To use lights or not to use lights?

Discussion in 'Chicken Behaviors and Egglaying' started by daze333, Oct 27, 2010.

  1. daze333

    daze333 Chillin' With My Peeps

    Dec 26, 2008
    Port Angeles, WA
    Hi all,
    I have had chickens for several years and I am trying to have a more natural approach with raising them. My question is about using lights to get your hens to produce more eggs.

    I have done it in the past with a timer and good success. But I surely wonder if the hens don't need this rest. But living in the Pacific Northwest it is often dark overcast which I am sure doesn't help the need for light. Should I give the hens a month or two break, then start using a light?

    I have about 80 chickens and several are in molt, but I am getting only about 1 doz per day now. I would really like to see some of your opinions on this issue.
  2. justbugged

    justbugged Head of the Night Crew for WA State

    Jan 27, 2009
    I am using a light in the mornings on my girls. This is a hot topic here on BYC. The question seems to split the group down the middle. I haven't seen a problem using the lights. They will molt and they get a break from laying then. This may be a silly way of thinking about it but humans never get a break from creating eggs in their systems because of the amount of light in the day, and it doesn't seem to hurt us any. With as dark as it has been around here I think that it won't hurt to have some extra light.

    But that said it really is a personal choice.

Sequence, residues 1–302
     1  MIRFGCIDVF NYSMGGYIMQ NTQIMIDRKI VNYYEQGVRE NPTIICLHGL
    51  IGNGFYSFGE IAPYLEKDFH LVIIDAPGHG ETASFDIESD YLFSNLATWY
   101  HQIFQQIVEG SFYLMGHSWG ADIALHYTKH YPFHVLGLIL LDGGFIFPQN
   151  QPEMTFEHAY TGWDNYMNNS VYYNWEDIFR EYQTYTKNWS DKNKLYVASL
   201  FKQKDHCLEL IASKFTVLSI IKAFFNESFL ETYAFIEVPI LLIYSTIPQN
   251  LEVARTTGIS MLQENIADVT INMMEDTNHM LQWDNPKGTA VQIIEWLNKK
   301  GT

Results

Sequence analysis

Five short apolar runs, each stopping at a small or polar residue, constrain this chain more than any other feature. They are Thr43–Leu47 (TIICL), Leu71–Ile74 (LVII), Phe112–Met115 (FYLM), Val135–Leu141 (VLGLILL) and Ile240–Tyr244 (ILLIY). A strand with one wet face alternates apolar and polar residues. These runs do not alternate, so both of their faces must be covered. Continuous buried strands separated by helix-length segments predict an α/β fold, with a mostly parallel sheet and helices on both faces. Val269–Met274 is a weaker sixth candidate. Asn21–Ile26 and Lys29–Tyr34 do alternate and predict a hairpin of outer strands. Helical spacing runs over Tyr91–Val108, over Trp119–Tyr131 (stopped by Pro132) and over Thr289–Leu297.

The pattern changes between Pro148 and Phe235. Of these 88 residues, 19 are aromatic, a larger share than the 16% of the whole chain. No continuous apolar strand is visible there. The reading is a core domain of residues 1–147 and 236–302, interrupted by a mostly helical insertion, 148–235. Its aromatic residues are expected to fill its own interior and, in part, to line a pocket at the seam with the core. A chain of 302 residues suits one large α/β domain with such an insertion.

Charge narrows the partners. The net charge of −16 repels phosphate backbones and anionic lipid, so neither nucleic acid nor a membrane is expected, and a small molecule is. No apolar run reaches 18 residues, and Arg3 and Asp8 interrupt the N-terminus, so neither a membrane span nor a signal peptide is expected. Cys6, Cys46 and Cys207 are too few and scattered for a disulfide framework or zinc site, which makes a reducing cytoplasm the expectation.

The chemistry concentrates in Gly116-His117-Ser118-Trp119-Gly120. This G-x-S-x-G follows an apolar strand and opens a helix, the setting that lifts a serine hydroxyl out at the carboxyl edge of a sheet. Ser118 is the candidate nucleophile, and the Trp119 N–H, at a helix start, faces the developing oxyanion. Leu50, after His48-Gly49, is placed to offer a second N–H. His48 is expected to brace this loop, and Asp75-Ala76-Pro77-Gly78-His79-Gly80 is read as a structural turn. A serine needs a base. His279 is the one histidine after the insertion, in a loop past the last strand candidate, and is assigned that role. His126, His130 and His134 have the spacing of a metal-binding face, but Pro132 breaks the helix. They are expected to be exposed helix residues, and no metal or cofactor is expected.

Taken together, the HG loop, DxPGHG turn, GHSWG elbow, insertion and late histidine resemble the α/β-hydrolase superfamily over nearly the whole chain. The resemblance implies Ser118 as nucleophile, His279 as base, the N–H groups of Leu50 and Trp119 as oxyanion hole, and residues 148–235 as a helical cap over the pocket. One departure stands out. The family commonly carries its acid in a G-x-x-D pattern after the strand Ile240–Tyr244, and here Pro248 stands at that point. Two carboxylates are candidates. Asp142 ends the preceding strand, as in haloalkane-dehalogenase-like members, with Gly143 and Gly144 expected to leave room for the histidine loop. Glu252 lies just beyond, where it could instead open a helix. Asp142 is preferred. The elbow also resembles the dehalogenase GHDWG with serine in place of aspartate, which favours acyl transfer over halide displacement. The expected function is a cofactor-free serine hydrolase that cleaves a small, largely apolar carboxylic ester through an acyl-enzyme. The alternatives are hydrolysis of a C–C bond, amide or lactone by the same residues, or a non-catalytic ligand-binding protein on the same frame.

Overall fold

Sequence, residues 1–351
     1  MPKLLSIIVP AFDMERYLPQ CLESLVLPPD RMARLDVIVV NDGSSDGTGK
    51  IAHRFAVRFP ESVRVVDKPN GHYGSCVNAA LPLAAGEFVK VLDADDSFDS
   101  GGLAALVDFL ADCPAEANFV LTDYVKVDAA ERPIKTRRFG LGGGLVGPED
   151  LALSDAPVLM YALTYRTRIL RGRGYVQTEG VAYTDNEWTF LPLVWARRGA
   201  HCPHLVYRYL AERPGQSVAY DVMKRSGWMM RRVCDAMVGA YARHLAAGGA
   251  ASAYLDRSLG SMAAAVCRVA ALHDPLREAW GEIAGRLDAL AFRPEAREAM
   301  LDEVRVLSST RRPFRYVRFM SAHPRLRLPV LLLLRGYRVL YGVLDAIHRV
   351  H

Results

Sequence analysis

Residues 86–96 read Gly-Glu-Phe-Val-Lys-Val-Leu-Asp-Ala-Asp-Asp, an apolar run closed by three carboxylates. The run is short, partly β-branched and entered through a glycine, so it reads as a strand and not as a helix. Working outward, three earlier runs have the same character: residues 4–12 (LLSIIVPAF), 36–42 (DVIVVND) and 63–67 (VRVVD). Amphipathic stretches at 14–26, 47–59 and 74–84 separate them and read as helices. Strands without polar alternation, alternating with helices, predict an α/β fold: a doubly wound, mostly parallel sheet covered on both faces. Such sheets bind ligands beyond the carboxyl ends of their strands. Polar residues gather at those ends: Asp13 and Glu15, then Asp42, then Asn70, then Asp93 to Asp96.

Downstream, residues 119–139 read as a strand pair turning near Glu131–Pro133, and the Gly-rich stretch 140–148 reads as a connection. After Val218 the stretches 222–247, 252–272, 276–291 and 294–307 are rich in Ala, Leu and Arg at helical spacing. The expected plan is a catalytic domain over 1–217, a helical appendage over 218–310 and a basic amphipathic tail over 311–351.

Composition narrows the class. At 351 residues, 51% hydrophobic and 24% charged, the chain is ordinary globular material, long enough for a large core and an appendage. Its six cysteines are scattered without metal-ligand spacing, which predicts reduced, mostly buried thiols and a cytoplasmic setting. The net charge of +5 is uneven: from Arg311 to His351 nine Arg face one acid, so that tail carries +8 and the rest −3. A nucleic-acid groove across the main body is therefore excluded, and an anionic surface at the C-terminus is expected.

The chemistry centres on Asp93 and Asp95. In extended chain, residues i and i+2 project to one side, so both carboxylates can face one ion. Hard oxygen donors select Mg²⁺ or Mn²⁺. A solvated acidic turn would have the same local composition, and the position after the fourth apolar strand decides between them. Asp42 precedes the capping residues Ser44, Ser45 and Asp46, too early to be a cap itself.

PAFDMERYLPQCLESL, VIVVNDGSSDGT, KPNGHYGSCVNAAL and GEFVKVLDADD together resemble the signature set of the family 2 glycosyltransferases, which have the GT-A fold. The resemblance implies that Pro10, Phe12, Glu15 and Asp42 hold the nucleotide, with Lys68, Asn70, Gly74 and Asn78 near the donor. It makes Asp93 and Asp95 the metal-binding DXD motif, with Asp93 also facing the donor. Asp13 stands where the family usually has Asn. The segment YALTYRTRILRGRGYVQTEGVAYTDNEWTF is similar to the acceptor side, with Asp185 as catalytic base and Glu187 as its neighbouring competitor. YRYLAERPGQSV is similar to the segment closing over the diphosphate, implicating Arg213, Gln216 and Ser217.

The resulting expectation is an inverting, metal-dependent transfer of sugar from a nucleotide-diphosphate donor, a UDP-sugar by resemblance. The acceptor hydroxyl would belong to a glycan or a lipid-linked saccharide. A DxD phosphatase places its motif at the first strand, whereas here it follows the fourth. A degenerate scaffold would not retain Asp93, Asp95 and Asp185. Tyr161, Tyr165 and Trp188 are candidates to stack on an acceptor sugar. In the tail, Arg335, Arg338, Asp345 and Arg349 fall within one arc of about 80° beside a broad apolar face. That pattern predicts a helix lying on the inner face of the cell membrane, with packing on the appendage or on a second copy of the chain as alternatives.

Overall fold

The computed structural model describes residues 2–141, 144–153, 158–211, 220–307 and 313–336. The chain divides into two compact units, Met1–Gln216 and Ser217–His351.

3. Beekissed

    Beekissed Flock Master

    humans never get a break from creating eggs in their systems because of the amount of light in the day, and it doesn't seem to hurt us any. With as dark as it has been around here I think that it won't hurt to have some extra light.

    Speak for yourself! [​IMG] Ever have PMS?

    If our eggs were as proportionate to our body as a chicken's and took extra calcium and nutrition to produce, don't you think you would like a slow down? Its sort of equivalent to having a baby every day but without the labor pains.

    It really is a matter of preference but, if you are looking for a more natural cycle for your chickens in your area, it might be a good thing to just let nature happen. Animals have wonderful adaptive abilities and I just assume this is my chicken's way of adapting to what their bodies need in the winter months. Would I trick my own body into producing or ovulating when it had slowed or stopped naturally? Nah.

    Manipulation of a bird's hormonal cycle by providing false lighting is strictly for our purposes, not the bird's.​
  4. StupidBird

    StupidBird Chillin' With My Peeps

    Apr 8, 2009
    How big a difference do you think there is between the daylight patterns of the jungle chickens evolved in to the ever dark Pacific NW area? Apparently it also has quite the effect on human activity - I've never seen quite so many coffee house drive throughs as I have there! Every corner has at least one, and every mile even in the middle of nowhere! I think its ok in such a situation, nothing to guilt over.

    Edited to add: if I lived in the Pacific NW, I myself would have to do artificial lighting! Season affective disorder...
    Last edited: Oct 27, 2010
  5. woodmort

    woodmort Chillin' With My Peeps

    Jul 6, 2010
    Oxford NY
    I'm on the "14 hrs of daylight" side. If the birds' body are in need of a break they will moult otherwise, as said above, they evolved from equatorial birds that were used to a steady, year around light supply and to allow them only 8 hrs or less of light will cut into what would be normal eating and exercise activity. I think the "need for a winter rest" idea is an attempt to humanize one's chickens. I've roused mine at 6 am and shut the lights off at around 9pm for 20+ years with no problem.